October isn’t necessarily the busiest month for most salons– but rather than view this decreased foot traffic as a problem, I suggest we use this opportunity to build stronger relationships with our existing clients. This month, I’ll discuss the often-overlooked importance of one-on-one interactions.
We all know that people tan for many different reasons, so we try to understand and help our clients achieve their tanning goals. During the busy season, this means we might only have time to ask our clients the most basic questions about their tanning needs. However, when your salon is slower, you have the chance to get to know your clients on a more personal level. This month, I challenge you to talk to each client who comes through your door about something unrelated to tanning in order to build more personal relationships.
For example, you might ask your clients about their work, holiday plans, or maybe even what they did last weekend. These conversations can easily lead to sales! Not only does taking this extra time with your client help you build a rapport, but it also shows them that you care about them as a person. This extra effort shows that you’re interested in more than just selling to them every time they walk into the salon. Building relationships with your clients will foster trust, which means they’re more likely to value your product and service recommendations, and more likely to be loyal to your salon in the future. Investing a little more time and effort when talking to your clients can have a significant impact on your business. If you don’t feel comfortable asking personal questions, try bringing up the unusual weather, mentioning the big sporting event in town, or complimenting a client’s cute handbag. Everyone loves a compliment, and most of us just like to talk; so get a conversation going. Once she feels comfortable talking to you, use the opportunity to ask your client what she’s looking for in a tanning lotion. Learning more about your clients’ lives can also help you make product recommendations that really meet their needs and concerns.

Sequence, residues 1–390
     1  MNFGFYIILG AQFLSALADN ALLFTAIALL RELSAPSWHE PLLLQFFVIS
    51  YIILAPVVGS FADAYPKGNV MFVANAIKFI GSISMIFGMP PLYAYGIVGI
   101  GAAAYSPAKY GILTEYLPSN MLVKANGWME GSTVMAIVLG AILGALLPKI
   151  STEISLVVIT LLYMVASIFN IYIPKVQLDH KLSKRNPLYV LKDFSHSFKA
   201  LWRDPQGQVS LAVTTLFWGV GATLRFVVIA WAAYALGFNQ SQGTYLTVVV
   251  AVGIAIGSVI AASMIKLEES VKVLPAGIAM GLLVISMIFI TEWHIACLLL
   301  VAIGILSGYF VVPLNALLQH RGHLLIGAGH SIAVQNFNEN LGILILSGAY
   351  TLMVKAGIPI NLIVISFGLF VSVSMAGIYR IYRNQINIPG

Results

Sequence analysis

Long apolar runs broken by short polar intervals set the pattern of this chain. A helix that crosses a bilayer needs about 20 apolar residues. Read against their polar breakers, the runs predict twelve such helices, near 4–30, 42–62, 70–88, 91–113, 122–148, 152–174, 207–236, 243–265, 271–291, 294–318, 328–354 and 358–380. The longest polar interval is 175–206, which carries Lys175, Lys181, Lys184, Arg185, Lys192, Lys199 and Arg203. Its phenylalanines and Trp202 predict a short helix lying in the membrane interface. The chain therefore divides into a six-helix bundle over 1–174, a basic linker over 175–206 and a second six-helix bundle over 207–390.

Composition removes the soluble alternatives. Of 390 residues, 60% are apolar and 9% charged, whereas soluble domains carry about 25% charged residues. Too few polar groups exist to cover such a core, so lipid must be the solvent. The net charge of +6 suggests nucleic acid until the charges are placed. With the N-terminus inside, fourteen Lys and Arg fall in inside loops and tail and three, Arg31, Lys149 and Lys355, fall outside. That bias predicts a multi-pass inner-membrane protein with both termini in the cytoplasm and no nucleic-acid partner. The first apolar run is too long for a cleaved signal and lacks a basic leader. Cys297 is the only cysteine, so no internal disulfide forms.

Even if you don’t have time for a personal conversation with each client, I always recommend asking open-ended questions, which are those that can’t be answered by a simple “yes” or “no”. During my in-salon trainings, I see a lot of staff make the mistake of asking questions such as, “Do you have lotion with you today? or, “We’re having a sale – do you want to buy a new lotion?” When asked these closed-ended questions, clients are going to feel like they are being sold to rather than talked to, and this tends to make them shut down. Asking open-ended questions is a much softer approach that makes them feel like you’re genuinely interested in understanding their needs. So, instead of asking, “Do you want to buy new lotion?” ask, “What are you looking for in a lotion?” Answering open-ended questions will get your clients talking about their results and product choices and allows you, the salesperson, to gauge what products or services you should suggest in a way your clients will be more receptive to hearing.
In closing, I think that if we focused more on educating our staff about the importance of open-ended questions to getting a conversation flowing, our client relationships would improve, as well as the level of understanding and trust. Every person who walks into your salon represents a potential sale! Don’t miss those opportunities by asking the wrong questions. Instead, really talk to them and build more personal relationships. Remember: the grass is only greener where you water it.
My advice for the month of October … get personal!
As Director of Brand Development for Devoted Creations’ family of brands, Lisa brings 17 years of industry experience, knowledge and enthusiasm to all aspects of the business, including social media, product development, training, customer relations, public speaking and marketing strategies. Lisa worked at the salon level managing a large chain of salons, which infuses her sales training and brand concepts with real world experience. Lisa has been chosen IST Magazine’s “Person of the Year” four times.
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